Independent Agile Guide
Thursday 15:15 - 17:00
Session type: Workshop (without computers)
Session level: Suitable for all
Estimates or NoEstimates Mini Workshop – Double
The default use of an “estimate-driven” approach is pervasive in software development efforts. While estimates can be useful, it is worthwhile to scrutinize our use of estimates, and to seek better ways to manage the development of software when estimates are not appropriate.
Let’s explore the purpose and use of estimates and consider possible alternatives. The default use of an “estimate-driven” approach is pervasive in software development efforts, and while estimates can be useful, it is worthwhile to scrutinize our use of estimates of cost, time, and effort, and to seek better ways to manage software development projects.
We depend on estimates to make important decisions, and yet we’re often disappointed by the results. There are a number of things to explore and many questions to ask.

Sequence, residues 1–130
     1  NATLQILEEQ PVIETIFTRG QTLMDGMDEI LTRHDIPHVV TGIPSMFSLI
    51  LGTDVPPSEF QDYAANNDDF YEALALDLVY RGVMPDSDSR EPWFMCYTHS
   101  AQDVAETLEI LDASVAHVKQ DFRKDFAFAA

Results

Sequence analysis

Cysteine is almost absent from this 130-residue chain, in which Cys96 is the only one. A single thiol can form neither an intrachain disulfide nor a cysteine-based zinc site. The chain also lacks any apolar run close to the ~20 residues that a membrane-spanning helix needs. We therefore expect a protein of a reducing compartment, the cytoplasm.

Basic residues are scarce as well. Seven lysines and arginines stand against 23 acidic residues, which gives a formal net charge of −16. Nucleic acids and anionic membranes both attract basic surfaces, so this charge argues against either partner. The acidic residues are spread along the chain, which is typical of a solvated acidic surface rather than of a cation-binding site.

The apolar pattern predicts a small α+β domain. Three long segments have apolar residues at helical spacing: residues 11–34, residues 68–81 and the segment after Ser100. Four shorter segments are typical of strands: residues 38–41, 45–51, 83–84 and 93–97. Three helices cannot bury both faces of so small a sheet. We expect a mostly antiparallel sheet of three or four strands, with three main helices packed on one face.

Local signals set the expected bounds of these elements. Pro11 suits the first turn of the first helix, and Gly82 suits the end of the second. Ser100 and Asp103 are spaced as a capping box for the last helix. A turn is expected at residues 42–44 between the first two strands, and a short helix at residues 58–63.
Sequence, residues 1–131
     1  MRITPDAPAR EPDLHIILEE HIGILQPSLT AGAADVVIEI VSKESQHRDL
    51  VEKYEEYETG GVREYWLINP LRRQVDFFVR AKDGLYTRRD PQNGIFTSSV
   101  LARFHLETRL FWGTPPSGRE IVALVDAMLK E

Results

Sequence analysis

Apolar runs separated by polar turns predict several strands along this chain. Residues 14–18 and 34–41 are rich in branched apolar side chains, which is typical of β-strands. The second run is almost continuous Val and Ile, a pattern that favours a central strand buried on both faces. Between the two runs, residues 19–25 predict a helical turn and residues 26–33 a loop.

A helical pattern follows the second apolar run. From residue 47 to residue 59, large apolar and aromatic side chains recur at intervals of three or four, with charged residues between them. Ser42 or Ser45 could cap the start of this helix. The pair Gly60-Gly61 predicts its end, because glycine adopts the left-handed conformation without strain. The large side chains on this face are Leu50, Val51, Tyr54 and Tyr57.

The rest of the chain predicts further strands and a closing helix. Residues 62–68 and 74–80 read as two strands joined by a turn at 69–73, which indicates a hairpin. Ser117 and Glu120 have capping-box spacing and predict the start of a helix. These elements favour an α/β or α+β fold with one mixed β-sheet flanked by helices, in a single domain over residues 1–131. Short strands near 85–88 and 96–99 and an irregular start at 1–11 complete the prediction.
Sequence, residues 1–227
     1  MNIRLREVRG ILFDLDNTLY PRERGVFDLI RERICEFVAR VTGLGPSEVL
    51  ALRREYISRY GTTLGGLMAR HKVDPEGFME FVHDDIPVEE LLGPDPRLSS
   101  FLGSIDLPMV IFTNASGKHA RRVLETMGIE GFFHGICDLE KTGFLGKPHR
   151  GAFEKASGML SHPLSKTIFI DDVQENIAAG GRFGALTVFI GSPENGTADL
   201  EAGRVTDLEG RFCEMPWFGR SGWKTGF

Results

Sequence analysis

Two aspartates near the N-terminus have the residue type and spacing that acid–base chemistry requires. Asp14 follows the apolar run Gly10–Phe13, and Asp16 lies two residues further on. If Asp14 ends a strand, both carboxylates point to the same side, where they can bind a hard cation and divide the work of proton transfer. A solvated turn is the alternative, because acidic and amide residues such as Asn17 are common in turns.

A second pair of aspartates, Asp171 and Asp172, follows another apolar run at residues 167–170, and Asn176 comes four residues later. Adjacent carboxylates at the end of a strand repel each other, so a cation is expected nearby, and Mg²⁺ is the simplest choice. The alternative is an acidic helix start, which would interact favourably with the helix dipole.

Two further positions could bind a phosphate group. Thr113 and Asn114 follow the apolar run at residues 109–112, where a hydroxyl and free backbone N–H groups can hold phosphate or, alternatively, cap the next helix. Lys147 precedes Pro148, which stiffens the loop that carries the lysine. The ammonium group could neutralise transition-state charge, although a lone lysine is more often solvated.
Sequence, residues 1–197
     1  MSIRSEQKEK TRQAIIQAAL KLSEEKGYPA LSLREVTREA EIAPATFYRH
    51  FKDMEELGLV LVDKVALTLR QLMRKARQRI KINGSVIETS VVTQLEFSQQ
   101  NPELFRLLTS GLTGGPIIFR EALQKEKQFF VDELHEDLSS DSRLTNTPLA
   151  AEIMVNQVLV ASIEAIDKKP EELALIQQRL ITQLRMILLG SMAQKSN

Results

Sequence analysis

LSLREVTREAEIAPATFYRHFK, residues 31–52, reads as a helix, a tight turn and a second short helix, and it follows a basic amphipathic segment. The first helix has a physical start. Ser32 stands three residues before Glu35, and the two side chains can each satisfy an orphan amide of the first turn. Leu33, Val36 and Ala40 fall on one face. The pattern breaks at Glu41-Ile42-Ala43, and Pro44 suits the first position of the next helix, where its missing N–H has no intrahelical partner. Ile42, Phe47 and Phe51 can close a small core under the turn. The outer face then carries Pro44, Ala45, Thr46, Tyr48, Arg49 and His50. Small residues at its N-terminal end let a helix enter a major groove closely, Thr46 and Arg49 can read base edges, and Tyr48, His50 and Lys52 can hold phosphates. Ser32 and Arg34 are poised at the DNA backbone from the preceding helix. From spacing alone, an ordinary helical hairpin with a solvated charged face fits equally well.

For example, do we really need estimates for all the things we are currently using them?
Are we getting a reasonable benefit from them?
Is it possible to manage software development projects without these estimates, or at least with fewer estimates?
Is there a way to prove that estimates are helping us make good decisions?
Is it possible there are other ways to approach our work?
In this session we’ll participate in some interactive information gathering activities to see if we can gain a shared idea of our current understanding of the purpose and use of estimates. We’ll examine the nature of software development projects, and see if we can work together to come up with some ideas about alternatives to using estimates.
Woody Zuill, an independent Senior Agile Consultant, Trainer, and Guide and has been programming computers for 35+ years. As a pioneer of the Mob Programming approach of teamwork for software development he has been sharing presentations and workshops on Mob Programming for conferences, user groups, and companies all over the world.
He is considered one of the founders of the “#NoEstimates” discussion on Twitter. Woody believes that code must be simple, clean, and maintainable so that we can realize the Agile Value of Responding to Change, and that we must constantly “Reflect, tune, and adjust” so we can continuously grow our skills and improve our capabilities.